The former Engineered Plastic Components building at 300 Shelhouse Road, which has been vacant since 2016, is set to be auctioned at 1 p.m. April 27 at The Linden Banquet Center in Rantoul.
The building and 10 acres around it will be auctioned off separately.
Rick Levin, owner of the Chicago-based firm that will handle the auction, said a unique aspect of the auction is that it will be conducted on an absolute basis.
“I’ve been in the auction business for over 30 years. A high-bidder absolute sale is somewhat unusual for large buildings where the buyer gets to name their price” regardless of the top bid, Levin said. There is no reserve and no minimum bid.
The auction will start with a suggested opening bid of $250,000.
“I went to school at the U of I, and I know Champaign has a pretty large area of manufacturing and warehousing. There’s no way anyone could replicate this property for we think under $15 million,” he said. “Even though Rantoul is a little bit up the road from Champaign, if anybody is either a user or investor and is looking for a large piece of real estate, here you go. You can name your own price.”
Levin said the building does need some updating but is “in fairly good condition.”
Joel Zegart, an agent with Levin’s company, said an environmental report on the property came back clean.
The facility made interior trim for Mitsubishi Motors’ Normal plant and some service parts for General Motors. It took a hit when Mitsubishi closed its Normal plant in 2014.
At one time, it was one of three Rantoul plants operated by Collins & Aikman, which operated it as Rantoul Products. When Grinnell, Iowa-based EPC initially took over the former Rantoul Products operation, its facilities were located in two village of Rantoul-owned buildings on the former Chanute Air Force Base. It later opted to buy the Shelhouse Road property and move operations there in March 2008.
At one time, Collins & Aikman, which later filed bankruptcy, employed more than 1,000 people in Rantoul. It had been located there since the early 1980s.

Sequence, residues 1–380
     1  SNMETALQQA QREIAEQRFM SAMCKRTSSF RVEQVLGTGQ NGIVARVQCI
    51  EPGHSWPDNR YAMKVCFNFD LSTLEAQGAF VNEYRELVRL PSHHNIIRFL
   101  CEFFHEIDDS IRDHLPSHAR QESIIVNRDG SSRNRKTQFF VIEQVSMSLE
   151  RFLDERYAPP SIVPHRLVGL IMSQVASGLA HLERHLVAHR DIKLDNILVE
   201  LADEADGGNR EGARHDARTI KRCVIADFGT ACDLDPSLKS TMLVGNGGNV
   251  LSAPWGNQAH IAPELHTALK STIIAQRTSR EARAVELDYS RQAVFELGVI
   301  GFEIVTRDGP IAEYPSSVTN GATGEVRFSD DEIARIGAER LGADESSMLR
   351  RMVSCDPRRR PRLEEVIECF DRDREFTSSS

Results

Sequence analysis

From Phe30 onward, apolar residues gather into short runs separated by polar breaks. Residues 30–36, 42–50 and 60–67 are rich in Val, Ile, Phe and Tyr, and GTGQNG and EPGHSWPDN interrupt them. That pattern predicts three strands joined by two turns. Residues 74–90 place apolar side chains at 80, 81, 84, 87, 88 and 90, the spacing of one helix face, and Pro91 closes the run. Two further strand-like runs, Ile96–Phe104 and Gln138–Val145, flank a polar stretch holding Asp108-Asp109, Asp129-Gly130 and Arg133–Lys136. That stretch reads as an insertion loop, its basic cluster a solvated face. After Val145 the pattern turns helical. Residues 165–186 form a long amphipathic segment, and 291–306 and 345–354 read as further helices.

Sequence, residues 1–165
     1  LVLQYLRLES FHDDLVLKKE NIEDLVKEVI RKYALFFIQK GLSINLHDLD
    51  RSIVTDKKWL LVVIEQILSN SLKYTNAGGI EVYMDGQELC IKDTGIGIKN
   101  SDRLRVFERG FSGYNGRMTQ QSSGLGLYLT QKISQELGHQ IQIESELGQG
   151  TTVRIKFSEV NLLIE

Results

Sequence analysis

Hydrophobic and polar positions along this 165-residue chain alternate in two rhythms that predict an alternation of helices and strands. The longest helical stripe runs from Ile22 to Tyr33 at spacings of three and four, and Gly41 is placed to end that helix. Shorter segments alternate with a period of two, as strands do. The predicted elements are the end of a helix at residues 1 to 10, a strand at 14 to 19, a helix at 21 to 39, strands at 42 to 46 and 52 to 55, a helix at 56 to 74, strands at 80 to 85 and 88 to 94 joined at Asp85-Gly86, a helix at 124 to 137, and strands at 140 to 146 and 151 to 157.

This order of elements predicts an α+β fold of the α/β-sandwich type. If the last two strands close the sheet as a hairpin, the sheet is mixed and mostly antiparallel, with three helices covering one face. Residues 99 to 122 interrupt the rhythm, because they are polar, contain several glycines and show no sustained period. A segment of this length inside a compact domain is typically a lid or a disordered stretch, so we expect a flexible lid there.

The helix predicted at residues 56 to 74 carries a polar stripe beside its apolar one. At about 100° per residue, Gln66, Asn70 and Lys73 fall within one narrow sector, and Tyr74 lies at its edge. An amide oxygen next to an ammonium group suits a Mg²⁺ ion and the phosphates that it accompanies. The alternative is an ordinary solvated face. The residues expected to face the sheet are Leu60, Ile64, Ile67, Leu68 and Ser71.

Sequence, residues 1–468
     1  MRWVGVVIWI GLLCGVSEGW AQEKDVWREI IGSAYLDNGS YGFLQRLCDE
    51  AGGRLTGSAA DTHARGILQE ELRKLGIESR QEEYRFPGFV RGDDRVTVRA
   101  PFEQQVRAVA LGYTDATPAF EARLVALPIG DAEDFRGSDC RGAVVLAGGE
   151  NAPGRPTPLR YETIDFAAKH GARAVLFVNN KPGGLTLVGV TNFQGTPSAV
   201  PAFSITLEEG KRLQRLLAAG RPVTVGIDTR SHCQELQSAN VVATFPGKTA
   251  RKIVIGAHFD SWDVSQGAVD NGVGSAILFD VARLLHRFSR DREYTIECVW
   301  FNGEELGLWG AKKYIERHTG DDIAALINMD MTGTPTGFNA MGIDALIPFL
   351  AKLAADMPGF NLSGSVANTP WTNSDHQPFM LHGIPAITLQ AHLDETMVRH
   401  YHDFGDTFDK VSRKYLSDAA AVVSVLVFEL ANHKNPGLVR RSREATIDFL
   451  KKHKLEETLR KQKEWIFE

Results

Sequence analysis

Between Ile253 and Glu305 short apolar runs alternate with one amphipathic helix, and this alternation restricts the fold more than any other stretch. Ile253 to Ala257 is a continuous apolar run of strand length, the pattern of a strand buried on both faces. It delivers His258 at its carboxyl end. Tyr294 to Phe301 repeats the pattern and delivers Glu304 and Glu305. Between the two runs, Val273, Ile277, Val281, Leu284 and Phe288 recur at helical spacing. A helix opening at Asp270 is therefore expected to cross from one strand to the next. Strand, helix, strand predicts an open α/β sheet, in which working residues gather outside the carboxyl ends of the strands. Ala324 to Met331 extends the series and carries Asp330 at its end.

After EPC closed the facility, it was sold in a property-tax sale. The investor was unable to sell the property and donated it to a Jewish nonprofit entity that trains rabbis.
“They didn’t really know how to do anything with that property,” Zegart said. “They couldn’t possibly pay the real-estate taxes, which are over $100,000 a year. They paid the taxes on the land, so there’s still an owner of the land, but they let the building go.”
Rantoul Village Administrator Scott Eisenhauer said there have been potential buyers of the property in the past.
“Part of what made that such a very difficult situation was the previous ownership group ... were very difficult to get hold of and difficult to work with on getting some conclusion on what a sale price or process might look like, and so I think that discouraged a lot of potential buyers,” Eisenhauer said.
He said this process “is extremely more suitable to how developers like to operate.”
Zegart said an attractive aspect of the property is its proximity to Interstate 57.
“I told (Levin) if he knew how to swing a golf club, he could probably hit our property from I-57,” Zegart said.
Another favorable aspect: It sits in an enterprise zone, which means no state sales tax will be charged on any improvements made to the property.
“That could be a meaningful amount. If you put $1 million in it, you could save $90,000,” Zegart said.
Local real-estate agent Herm Fogal will serve as an assistant on the deal.
To qualify for a bid card, bidders will be required to present a certified or cashier’s check for $100,000 to bid on the building and $40,000 to bid on the 10-acre parcel.